British report on energy strategy will consider nuclear role

Prime Minister Tony Blair yesterday asked for a report to be completed by the year-end to detail the future strategic objectives of Great Britain’s energy policy. The work will be carried out by the Performance and Innovation advisory unit, chaired by energy minister Brian Wilson, and will include an evaluation of the future role of the nuclear power industry.

The review will also consider the role of coal, gas, oil and renewables in the future energy balance as well as Combined Heat and Power and the enhancement of energy efficiency. It will assess what role, if any, nuclear power generation will play in achieving targets set under the Kyoto agreement and improving further still, Great Britain’s efforts to reduce carbon emissions and reduce global warming.

“This group has been set a vital task – identifying the longer term strategic objectives of energy policy for Great Britain”, said Wilson. “We must also ensure reliable and competitive energy supplies for the next generation.”

“We are currently self sufficient in energy at competitive prices”, said Wilson. “We have diverse sources of supply. We are also on target to more than meet our Kyoto commitments at the end of the decade.”

“However we must not be complacent. In future we expect to become increasingly dependent on imports of fuel and particularly gas which could eventually become a dominant source of our supplies. And in the longer term, we will need to reduce our carbon emissions further in order to play our part in meeting the challenge of global warming.”

The Advisory Group will include environment minister, Michael Meacher, and Andrew Smith, chief secretary to the treasury. It will work along side the Department of Trade and Industry and other government departments who have a responsibility for or an interest in government policy.

It is intended that the report will provide a key input to the government’s future policy on security of energy supply, and on climate change. It will also address the Government’s response to the Royal Commission Report on Environmental Pollution.

The energy minister said that he would be meeting with “key stakeholders”, in order to explain the objectives of the review – with the intention operating openly and transparently. “I am keen they should play an active part in the review.”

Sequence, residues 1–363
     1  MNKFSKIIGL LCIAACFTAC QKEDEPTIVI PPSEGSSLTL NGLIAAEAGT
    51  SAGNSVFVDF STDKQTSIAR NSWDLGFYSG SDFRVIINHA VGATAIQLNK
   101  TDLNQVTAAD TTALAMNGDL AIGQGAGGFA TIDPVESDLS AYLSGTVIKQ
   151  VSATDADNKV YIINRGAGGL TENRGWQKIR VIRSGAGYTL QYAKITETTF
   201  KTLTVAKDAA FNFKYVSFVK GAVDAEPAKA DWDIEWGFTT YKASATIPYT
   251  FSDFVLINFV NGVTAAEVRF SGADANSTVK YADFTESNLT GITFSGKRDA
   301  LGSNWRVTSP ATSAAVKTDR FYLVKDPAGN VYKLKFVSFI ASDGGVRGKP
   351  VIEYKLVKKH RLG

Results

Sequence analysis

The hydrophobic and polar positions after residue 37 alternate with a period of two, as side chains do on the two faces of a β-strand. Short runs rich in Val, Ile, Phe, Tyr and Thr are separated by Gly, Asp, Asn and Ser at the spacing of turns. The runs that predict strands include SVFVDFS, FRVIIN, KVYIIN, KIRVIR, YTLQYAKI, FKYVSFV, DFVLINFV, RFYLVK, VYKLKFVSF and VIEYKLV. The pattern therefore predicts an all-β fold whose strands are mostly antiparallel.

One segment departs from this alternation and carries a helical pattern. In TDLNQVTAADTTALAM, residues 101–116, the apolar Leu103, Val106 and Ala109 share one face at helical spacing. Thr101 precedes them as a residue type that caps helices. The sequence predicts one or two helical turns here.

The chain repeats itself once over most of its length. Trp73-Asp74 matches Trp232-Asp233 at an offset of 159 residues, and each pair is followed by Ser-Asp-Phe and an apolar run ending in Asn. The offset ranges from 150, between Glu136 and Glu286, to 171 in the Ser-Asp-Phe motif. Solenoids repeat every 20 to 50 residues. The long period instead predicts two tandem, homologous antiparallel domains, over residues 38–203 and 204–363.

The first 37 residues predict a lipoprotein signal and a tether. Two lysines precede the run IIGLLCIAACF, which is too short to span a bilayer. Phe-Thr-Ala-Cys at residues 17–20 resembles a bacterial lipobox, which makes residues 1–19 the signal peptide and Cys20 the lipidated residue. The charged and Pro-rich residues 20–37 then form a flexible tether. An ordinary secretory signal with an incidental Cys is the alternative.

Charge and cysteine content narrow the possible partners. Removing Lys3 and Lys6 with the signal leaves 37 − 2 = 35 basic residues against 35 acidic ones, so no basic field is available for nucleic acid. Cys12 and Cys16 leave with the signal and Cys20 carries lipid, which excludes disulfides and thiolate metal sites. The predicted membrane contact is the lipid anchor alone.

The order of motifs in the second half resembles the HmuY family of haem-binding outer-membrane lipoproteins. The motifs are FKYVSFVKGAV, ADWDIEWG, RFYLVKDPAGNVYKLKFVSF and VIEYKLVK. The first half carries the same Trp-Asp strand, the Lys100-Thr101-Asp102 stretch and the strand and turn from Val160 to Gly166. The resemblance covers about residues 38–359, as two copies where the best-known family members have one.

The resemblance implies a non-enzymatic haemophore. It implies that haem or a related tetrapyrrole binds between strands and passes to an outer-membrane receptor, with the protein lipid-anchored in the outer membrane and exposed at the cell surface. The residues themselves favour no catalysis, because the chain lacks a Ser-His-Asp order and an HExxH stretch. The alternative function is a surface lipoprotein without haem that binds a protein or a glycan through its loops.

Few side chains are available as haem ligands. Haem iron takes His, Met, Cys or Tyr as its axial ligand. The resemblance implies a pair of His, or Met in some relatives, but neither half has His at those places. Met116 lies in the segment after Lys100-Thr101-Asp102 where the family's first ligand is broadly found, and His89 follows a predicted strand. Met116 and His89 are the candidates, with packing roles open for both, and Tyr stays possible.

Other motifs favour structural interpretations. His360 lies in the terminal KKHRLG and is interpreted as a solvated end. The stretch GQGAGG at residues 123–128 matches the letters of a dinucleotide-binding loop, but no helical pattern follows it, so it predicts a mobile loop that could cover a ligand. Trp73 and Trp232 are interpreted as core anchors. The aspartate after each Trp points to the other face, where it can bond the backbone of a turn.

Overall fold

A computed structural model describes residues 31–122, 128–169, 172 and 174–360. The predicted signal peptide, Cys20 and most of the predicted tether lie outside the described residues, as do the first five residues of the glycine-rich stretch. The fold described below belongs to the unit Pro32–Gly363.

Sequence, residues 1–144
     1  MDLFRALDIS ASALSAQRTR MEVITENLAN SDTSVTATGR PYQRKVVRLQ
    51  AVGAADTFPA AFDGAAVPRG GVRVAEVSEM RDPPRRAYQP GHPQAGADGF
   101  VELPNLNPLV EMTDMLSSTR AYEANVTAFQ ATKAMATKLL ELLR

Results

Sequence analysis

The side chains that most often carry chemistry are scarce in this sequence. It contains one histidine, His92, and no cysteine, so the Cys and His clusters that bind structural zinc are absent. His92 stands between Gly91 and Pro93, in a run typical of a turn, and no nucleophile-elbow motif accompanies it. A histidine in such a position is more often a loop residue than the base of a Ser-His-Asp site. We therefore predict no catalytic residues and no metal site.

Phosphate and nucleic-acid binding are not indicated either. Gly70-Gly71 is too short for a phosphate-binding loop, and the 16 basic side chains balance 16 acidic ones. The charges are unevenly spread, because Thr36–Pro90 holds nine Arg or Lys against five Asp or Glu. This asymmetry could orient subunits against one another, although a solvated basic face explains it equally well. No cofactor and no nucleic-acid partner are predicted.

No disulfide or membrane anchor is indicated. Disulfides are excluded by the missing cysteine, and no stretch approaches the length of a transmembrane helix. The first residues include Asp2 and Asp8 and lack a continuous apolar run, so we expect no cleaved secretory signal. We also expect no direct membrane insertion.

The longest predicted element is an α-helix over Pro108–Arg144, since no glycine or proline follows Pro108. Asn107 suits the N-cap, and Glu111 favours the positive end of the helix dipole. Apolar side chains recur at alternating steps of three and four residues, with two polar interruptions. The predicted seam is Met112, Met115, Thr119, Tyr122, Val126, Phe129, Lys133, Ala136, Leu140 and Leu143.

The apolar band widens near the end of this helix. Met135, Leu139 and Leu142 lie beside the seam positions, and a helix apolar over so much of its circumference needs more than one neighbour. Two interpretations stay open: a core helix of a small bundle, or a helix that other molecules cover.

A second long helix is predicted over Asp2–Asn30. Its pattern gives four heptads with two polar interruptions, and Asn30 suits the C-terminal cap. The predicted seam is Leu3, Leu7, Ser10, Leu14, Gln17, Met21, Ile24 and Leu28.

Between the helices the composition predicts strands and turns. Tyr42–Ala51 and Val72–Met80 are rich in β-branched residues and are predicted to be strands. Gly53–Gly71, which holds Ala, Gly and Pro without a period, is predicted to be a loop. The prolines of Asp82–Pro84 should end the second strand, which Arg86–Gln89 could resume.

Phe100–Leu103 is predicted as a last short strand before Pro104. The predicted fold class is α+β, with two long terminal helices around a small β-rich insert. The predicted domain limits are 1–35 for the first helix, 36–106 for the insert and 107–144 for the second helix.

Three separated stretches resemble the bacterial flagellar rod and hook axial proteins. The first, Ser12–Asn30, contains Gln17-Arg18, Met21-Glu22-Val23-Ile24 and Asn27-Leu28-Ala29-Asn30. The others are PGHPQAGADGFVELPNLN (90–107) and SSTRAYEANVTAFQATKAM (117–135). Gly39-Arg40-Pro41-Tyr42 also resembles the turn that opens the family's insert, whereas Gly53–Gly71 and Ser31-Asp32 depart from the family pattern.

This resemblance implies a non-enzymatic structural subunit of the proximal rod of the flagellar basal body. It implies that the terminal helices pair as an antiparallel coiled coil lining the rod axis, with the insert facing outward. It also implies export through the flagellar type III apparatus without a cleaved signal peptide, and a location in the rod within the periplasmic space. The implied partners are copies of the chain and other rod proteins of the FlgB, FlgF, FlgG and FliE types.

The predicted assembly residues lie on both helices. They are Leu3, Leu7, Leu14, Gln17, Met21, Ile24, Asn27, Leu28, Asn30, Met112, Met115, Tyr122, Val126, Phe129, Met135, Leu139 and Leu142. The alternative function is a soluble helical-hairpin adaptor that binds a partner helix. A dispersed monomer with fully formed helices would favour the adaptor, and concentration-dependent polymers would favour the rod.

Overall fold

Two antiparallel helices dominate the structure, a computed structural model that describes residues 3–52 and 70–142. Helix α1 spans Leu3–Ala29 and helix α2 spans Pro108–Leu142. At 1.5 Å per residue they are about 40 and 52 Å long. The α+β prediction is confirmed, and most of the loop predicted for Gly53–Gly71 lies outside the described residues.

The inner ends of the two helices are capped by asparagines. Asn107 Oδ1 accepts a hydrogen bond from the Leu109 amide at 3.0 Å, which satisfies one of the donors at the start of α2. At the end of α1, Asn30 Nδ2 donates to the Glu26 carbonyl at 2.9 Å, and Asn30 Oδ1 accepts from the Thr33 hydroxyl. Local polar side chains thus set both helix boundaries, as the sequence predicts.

The brief given to the Performance and Innovation Unit identifies three key challenges:

* Managing the conflicts of interest between environmental objectives and future energy demands

* Ensuring security and diversity of energy supplies

* Managing the possible conflicting policy goals for energy prices – balancing competitive pricing for industry and consumers with the use of price as an instrument for advancing environmental objectives.

The government reaffirmed its commitment to a competitive market underlying energy policy. It acknowledged that the UK policy review would have to examine energy policy within a worldwide context and that UK policy will have to evolve in step with other countries policies.

The future role of nuclear power in the UK is highly controversial. Britain currently generates 25 per cent of its electricity from nuclear power stations however, this will decease over the next twenty years as installations are progressively decommissioned. There are no plans to build any new nuclear plants or extend the life of existing facilities and any change to this policy is likely to face fierce opposition.

The German government has recently taken the decision to phase out all nuclear power production in contrast to the position of the new US administration, which is considering increasing nuclear power production.

The UK is also forecast to see a reduction in coal generation and so energy consumption is likely to be increasingly dependent on oil and, in particular, gas. According to government research, initiatives to encourage domestic renewable energy sources and reduce overall demand will be insufficient to reduce dependence on oil.

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